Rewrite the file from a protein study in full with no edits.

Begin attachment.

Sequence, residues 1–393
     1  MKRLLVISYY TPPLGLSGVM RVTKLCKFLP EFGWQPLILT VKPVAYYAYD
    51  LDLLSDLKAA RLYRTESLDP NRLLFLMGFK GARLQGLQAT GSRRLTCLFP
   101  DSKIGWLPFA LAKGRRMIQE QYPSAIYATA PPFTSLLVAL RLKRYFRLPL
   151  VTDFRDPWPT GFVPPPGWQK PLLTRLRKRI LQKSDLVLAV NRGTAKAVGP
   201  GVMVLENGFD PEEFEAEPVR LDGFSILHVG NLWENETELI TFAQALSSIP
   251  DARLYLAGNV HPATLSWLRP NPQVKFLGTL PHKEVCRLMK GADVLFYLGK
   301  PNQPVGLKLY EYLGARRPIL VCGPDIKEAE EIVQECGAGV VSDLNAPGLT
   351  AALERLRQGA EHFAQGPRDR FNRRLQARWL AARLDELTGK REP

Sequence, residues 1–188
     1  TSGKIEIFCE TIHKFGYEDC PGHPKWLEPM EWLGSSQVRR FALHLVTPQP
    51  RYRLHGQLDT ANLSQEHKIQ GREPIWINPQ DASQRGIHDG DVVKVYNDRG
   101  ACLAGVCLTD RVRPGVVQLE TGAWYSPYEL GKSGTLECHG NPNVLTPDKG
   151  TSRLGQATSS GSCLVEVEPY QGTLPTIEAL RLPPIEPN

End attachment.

Sequence, residues 1–393
     1  MKRLLVISYY TPPLGLSGVM RVTKLCKFLP EFGWQPLILT VKPVAYYAYD
    51  LDLLSDLKAA RLYRTESLDP NRLLFLMGFK GARLQGLQAT GSRRLTCLFP
   101  DSKIGWLPFA LAKGRRMIQE QYPSAIYATA PPFTSLLVAL RLKRYFRLPL
   151  VTDFRDPWPT GFVPPPGWQK PLLTRLRKRI LQKSDLVLAV NRGTAKAVGP
   201  GVMVLENGFD PEEFEAEPVR LDGFSILHVG NLWENETELI TFAQALSSIP
   251  DARLYLAGNV HPATLSWLRP NPQVKFLGTL PHKEVCRLMK GADVLFYLGK
   301  PNQPVGLKLY EYLGARRPIL VCGPDIKEAE EIVQECGAGV VSDLNAPGLT
   351  AALERLRQGA EHFAQGPRDR FNRRLQARWL AARLDELTGK REP

Sequence, residues 1–188
     1  TSGKIEIFCE TIHKFGYEDC PGHPKWLEPM EWLGSSQVRR FALHLVTPQP
    51  RYRLHGQLDT ANLSQEHKIQ GREPIWINPQ DASQRGIHDG DVVKVYNDRG
   101  ACLAGVCLTD RVRPGVVQLE TGAWYSPYEL GKSGTLECHG NPNVLTPDKG
   151  TSRLGQATSS GSCLVEVEPY QGTLPTIEAL RLPPIEPN